"I am a great lover of the Gladiolus. They are so easily grown, and the varieties now so numerous, furnishing almost every shade and arrangement of color, that I can not see how any one who has a love of flowers can avoid having one or more beds of this beautiful bulb. I have tried them in many different soils, and they grow and flower freely in all, so that one need not fear for want of the right soil. In rich, deep loams the flower stalk is much stronger, and the flowers somewhat larger, but I do not think they are as abundant, or the colors any more brilliant than when grown in poor soil. I make my beds very rich in the center, letting the soil become poorer and poorer, until the outer edge is reached; the result is that by so doing my flower-stems rise one above the other, forming a cone by which all are in plain view, even at a distance." - John Bobbis, Ohio.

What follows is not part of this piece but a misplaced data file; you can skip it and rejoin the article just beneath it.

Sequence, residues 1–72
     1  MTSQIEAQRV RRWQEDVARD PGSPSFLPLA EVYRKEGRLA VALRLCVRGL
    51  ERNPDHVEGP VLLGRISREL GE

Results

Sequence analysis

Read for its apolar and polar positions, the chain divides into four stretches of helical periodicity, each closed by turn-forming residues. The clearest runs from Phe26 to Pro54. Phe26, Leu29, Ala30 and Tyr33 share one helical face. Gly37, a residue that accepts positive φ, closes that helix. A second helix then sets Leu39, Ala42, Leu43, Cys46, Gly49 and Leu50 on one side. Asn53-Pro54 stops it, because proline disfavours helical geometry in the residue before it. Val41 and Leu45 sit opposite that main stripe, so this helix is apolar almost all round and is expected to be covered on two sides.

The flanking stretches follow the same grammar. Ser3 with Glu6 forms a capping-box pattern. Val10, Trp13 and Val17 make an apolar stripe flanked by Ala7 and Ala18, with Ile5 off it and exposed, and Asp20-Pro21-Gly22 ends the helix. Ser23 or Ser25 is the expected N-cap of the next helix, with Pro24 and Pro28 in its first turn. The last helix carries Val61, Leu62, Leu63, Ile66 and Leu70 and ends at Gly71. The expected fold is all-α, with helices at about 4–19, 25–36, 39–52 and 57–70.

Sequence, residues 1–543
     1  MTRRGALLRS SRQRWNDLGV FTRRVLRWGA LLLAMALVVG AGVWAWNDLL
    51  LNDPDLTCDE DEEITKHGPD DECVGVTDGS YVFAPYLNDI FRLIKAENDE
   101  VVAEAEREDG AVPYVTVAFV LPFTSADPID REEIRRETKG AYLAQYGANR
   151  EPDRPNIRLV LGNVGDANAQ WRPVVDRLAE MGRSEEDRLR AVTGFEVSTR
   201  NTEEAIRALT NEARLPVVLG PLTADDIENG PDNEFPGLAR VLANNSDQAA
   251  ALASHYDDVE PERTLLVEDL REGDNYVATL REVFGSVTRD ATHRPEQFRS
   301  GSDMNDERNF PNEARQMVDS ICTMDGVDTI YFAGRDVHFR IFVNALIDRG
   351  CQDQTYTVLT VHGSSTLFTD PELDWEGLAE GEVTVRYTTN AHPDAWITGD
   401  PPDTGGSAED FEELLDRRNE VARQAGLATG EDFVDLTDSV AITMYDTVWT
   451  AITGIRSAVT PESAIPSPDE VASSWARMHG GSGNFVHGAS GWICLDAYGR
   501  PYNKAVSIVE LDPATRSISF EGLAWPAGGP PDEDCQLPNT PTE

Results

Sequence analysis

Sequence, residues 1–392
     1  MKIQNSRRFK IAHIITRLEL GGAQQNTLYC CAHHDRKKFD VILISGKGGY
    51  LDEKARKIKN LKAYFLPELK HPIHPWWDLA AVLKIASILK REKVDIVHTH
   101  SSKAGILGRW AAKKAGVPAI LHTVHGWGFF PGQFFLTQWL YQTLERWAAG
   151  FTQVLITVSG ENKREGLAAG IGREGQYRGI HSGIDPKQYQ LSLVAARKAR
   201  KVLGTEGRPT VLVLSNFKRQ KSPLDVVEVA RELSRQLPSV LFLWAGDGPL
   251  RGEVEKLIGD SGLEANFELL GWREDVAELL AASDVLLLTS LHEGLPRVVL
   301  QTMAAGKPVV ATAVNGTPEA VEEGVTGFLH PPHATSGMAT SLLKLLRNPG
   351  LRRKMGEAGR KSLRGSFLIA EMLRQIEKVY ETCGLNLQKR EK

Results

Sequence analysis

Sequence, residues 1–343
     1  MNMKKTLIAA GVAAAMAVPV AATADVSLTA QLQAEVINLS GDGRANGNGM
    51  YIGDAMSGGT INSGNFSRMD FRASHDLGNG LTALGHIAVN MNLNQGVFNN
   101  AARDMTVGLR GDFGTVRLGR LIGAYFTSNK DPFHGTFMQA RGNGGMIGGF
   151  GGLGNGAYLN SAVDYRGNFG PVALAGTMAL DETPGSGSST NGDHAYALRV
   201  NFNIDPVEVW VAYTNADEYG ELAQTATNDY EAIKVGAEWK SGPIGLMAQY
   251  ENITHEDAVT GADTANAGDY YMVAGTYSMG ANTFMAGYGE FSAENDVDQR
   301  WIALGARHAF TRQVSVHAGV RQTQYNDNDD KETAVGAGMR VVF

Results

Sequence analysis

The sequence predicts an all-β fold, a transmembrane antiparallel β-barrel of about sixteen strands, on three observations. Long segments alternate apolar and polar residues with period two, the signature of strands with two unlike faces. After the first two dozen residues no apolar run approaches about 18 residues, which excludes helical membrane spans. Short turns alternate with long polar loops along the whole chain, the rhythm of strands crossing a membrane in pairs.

In pruning currant bushes, remember that while the red and white varieties produce their fruit on spurs or small snags upon the old wood as well as upon the growth of last season, the Black Currant produces most of its fruit upon the wood of the preceding year, and that while it will answer to shorten back the growth on the red and white varieties, it is better to prune the black by simply thinning out the weak shoots.